Tivo to PC vs Tivo to Tivo Transfer Speed

Discussion in 'TiVo Home Media Features & TiVoToGo' started by pzoba, Jan 12, 2006.

  1. pzoba

    pzoba New Member

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    May 25, 2004
    Washington...

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    I have a question... I have two 240 Series Tivo's hard wired with USB 2.0 Adapters. When I first started doing Tivo to Tivo transfers it would consume my network and make my wife's wireless B laptop unuseable. I upgraded my 10 mbps hub to 100 mbps (with higher throughput too) and that changed everything. Tivo to Tivo transfers occur faster than viewing time (our default is High).

    Now that I am running Desktop 2.2, I can store movies on my computer hard drive and have that drive appear in Now Playing. This is great as I will occassionally search for 2004 or 2005 movies on HBO and record them all and then transfer them to my hard drive to watch later.

    Here's the rub... Even though I can do Tivo to Tivo transfers faster than real time, the transfer from Tivo to PC is much slower than real time. Plus it seems to really slow down my PC while it is accepting the transfer. This seems strange since I have a newer vintage (8-10 months old) Dell Desktop with a 3 Gig Pentium 4 and S-ATA hard drive that is CAt-5 hardwired to the same 100 mbps hub. Shouldn't this PC be able to accept the data faster than a Series 2 Tivo?

    Is the Dell constrained by some bottleneck in bus speed or something? Is there something else I should be looking for?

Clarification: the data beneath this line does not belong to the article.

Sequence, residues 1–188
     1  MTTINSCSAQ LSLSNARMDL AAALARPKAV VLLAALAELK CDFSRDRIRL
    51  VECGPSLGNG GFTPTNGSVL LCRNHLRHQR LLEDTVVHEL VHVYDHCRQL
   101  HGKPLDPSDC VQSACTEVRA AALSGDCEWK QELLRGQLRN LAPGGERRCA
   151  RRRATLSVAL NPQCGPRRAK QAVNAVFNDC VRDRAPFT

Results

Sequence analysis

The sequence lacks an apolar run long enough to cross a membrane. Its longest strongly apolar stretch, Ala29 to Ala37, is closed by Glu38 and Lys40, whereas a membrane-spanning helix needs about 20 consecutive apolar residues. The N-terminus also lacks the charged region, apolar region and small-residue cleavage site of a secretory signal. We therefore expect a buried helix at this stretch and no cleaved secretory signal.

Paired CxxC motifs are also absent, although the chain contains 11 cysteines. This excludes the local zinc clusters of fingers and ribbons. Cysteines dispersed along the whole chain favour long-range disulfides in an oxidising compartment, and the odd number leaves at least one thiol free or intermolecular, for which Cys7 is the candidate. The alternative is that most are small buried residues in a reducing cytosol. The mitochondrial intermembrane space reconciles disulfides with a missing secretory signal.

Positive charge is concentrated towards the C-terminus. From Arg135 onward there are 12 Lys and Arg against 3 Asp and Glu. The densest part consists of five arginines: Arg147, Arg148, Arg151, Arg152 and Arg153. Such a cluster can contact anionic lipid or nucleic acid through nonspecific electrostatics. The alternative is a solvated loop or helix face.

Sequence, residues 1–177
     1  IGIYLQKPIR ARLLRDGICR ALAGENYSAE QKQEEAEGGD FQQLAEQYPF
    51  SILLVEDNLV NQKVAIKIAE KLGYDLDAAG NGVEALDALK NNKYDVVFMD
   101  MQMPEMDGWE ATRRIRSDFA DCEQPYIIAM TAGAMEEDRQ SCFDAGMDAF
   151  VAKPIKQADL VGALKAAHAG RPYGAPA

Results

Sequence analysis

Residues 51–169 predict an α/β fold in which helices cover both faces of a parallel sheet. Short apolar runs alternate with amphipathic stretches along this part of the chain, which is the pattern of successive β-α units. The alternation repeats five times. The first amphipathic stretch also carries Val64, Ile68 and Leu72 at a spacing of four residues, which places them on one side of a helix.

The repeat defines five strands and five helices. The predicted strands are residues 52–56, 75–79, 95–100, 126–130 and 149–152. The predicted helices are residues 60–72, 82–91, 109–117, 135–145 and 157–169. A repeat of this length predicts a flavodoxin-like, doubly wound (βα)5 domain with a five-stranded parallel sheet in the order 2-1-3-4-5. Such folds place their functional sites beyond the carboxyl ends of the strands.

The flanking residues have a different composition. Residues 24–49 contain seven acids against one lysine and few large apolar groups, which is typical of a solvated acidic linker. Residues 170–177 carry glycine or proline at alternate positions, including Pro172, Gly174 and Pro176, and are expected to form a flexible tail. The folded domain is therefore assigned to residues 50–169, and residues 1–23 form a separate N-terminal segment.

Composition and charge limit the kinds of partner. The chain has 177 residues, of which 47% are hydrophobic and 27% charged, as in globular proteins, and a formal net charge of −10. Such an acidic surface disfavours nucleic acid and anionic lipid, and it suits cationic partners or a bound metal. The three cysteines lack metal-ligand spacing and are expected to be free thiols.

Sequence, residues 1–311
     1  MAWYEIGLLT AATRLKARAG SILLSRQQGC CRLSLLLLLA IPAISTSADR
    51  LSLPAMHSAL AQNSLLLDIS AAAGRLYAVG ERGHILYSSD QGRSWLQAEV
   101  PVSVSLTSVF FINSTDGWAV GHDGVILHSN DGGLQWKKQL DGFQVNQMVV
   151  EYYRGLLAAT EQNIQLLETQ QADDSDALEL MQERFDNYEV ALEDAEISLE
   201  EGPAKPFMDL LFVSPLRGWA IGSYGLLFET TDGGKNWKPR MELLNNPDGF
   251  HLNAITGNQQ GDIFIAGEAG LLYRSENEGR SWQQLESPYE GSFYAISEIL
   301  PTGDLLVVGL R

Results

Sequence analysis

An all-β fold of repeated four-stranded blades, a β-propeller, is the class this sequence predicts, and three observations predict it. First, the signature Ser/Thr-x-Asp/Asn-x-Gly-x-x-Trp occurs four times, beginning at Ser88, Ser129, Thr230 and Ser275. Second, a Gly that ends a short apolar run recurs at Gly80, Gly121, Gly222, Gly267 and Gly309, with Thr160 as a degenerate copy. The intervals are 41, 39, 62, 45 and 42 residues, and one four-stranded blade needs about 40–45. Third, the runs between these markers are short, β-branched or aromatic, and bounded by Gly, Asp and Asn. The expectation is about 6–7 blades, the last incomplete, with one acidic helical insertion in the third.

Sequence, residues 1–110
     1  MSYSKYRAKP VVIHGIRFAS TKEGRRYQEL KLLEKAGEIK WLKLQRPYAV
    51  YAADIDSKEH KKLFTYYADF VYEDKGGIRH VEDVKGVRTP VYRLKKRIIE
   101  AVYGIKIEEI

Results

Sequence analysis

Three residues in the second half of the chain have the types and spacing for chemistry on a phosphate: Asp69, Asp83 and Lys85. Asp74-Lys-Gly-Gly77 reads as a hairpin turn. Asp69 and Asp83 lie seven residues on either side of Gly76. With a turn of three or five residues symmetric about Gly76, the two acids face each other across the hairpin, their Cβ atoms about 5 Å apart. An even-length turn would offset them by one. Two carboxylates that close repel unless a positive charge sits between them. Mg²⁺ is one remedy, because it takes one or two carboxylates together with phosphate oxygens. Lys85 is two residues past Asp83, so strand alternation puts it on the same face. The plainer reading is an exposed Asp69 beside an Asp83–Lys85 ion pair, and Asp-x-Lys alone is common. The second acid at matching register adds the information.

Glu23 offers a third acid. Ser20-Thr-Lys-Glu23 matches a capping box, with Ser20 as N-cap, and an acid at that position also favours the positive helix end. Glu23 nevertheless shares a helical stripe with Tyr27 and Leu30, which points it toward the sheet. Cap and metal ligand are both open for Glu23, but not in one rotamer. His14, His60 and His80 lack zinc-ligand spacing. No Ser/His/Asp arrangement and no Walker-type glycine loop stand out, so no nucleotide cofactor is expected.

2. jamdod

    jamdod New Member

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    Dec 21, 2001
    Worcester, MA
    TiVo to PC transfers will always be slower. The TiVos store the video file differently then a PC so when you transfer to a PC there must be a conversion.

    I don't know why your PC would slow down. Unless your have only one drive and it's fragmented.
     
  3. petew

    petew Active Member

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    Jul 31, 2003
    Pittsburg, CA
    How much RAM do you have? Low memory is the most common reason for an otherwise fast PC to slow down.
     
  4. ZeoTiVo

    ZeoTiVo I can't explain

    25,527
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    Jan 2, 2004
    yep I put in a drive that is only for the TiVo files. It is also a good idea to have your windows install in its own partition on the drive so if you have to reinstall it can be wiped clean and start fresh. Put your swap file on a different partition or better yet a different hard drive also helps in those low memory, use the swap file situations.
     
  5. Daurkin

    Daurkin New Member

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    Oct 20, 2003

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    When you say Hard wired, are you talking about a modification to the tivo device with soldering and software hacking? I would love to make it USB 2.0 but only if it's PnP or easy.
     
  6. petew

    petew Active Member

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    Jul 31, 2003
    Pittsburg, CA
    All Series 2 boxes except the 140 units have USB 2.0 ports and support network adapters (see www.tivo.com/adapters ) I take pzoba's comment to mean he has 2 240's connected using 100BaseT ethernet as opposed to 802.11 wireless.